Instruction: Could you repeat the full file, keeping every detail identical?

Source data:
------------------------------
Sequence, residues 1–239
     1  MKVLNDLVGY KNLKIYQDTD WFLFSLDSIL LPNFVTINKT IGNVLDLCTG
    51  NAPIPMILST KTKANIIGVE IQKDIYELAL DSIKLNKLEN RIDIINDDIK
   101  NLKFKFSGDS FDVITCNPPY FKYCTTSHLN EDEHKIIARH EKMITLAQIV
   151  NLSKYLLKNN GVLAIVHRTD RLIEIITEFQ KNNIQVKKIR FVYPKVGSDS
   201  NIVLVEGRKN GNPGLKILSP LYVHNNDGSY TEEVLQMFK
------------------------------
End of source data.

Sequence, residues 1–239
     1  MKVLNDLVGY KNLKIYQDTD WFLFSLDSIL LPNFVTINKT IGNVLDLCTG
    51  NAPIPMILST KTKANIIGVE IQKDIYELAL DSIKLNKLEN RIDIINDDIK
   101  NLKFKFSGDS FDVITCNPPY FKYCTTSHLN EDEHKIIARH EKMITLAQIV
   151  NLSKYLLKNN GVLAIVHRTD RLIEIITEFQ KNNIQVKKIR FVYPKVGSDS
   201  NIVLVEGRKN GNPGLKILSP LYVHNNDGSY TEEVLQMFK